Early this past summer, Mel Gibson invited me to see "The Passion," his film on the trial and crucifixion of Jesus. The invitation was significant in that I was the first practicing Jew and active member of the American Jewish community to be invited. He did so because he believed, correctly, that he could trust me. I have long worked to build trust between Jews and Christians, especially traditional Christians.
The increasing tension over this film has reinforced impressions I offered Mel Gibson that day. When watching "The Passion," Jews and Christians are watching two entirely different films.
For two hours, Christians watch their Savior tortured and killed. For the same two hours, Jews watch Jews arrange the killing and torture of the Christians' Savior.
In order to avoid further tension between two wonderful communities that had been well on their way to historic amity, it is crucial for each to try to understand what film the other is watching and reacting to.
First, what Jews see. The Jews in the film (except, of course, for those who believe in Jesus) are cruel and often sadistic. One prominent Christian who saw the film along with my wife and me said that while watching the film he wanted to take a gun and shoot those who had brought such pain to Jesus. I couldn't blame him. The Jews in the film manipulate the Romans -- who are depicted as patsies of the Jews and in the case of Pilate, as morally far more elevated -- into torturing and murdering a beautiful man.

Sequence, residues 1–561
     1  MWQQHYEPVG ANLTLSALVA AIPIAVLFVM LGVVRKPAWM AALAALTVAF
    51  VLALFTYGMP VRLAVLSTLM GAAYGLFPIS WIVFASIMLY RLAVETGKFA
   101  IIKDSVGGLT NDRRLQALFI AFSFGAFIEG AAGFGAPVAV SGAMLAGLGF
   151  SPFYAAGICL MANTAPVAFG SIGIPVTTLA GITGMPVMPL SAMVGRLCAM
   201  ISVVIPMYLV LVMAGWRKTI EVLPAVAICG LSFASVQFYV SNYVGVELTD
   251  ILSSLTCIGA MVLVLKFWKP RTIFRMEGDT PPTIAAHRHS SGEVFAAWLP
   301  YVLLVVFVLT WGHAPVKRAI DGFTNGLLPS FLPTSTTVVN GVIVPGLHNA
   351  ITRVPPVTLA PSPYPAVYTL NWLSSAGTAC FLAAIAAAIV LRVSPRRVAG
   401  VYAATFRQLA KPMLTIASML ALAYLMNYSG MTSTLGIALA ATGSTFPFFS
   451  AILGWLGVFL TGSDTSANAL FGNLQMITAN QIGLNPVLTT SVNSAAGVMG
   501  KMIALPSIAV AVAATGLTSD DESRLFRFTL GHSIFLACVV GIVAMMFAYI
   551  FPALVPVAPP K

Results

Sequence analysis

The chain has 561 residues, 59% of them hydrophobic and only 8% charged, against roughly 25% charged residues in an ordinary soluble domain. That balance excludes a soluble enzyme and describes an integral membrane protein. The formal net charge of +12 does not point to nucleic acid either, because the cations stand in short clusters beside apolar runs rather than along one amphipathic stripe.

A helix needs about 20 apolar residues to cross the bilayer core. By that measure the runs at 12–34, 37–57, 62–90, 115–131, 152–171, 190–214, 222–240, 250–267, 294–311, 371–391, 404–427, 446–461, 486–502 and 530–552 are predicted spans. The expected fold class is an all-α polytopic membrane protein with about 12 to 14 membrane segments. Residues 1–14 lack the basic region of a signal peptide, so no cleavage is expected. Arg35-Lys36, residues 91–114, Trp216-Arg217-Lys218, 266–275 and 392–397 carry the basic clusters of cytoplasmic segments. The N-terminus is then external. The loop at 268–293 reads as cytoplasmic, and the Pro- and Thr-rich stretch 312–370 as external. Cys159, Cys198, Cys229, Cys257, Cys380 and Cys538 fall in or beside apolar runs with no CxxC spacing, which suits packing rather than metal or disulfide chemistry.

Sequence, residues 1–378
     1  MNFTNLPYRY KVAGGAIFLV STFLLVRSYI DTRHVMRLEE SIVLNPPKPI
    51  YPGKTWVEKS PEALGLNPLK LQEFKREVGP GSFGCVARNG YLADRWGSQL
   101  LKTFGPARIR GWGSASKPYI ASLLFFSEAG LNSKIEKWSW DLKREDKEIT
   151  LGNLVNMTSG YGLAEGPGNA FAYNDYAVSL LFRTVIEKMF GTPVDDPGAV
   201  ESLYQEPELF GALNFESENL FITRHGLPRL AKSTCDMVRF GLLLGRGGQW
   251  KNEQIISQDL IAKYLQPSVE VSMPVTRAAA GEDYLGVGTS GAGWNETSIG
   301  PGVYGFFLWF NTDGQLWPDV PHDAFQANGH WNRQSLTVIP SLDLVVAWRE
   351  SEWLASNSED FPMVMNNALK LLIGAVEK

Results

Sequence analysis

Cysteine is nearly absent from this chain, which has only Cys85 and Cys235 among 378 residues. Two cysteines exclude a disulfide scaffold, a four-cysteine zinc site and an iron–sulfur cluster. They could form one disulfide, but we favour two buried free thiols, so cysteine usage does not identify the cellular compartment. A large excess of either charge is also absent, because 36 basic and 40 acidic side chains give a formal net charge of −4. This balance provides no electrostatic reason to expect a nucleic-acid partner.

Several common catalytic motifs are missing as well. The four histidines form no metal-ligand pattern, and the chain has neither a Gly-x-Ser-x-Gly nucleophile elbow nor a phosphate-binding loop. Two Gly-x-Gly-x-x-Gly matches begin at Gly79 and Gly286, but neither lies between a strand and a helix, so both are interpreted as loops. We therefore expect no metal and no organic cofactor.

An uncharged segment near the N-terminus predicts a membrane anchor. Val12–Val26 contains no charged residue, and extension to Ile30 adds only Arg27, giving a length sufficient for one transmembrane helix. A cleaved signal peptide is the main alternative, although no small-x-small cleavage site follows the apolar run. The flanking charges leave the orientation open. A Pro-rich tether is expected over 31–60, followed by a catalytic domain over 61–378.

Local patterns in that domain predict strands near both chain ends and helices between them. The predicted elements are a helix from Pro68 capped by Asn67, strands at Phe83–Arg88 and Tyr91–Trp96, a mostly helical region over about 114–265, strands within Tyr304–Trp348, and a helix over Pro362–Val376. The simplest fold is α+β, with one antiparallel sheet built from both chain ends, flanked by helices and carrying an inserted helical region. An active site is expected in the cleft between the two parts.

Why does this bother Jews so much? Because for nearly 2,000 years, attacked as "Christ-killers," countless Jewish men, women and children were tortured and murdered in ways that often caused more suffering than even Jesus endured (e.g., not only tortured and murdered themselves, but also seeing their families and friends raped, tortured and murdered). For Jews to worry that a major movie made by one of the world's superstars depicts Jews as having Christ tortured and killed might arouse anti-Semitic passions is not paranoid. Even though Islam denies the crucifixion, it is difficult to imagine that this film will not be a hit in the virulently anti-Semitic Arab world.
It is essential that Christians understand this. Every Jew, secular, religious, assimilated, left-wing, right-wing, fears being killed because he is Jewish. This is the best-kept secret about Jews, who are widely perceived as inordinately secure and powerful. But it is the only universally held sentiment among Jews. After the Holocaust and with Islamic terrorists seeking to murder Jews today, this, too, is not paranoid.
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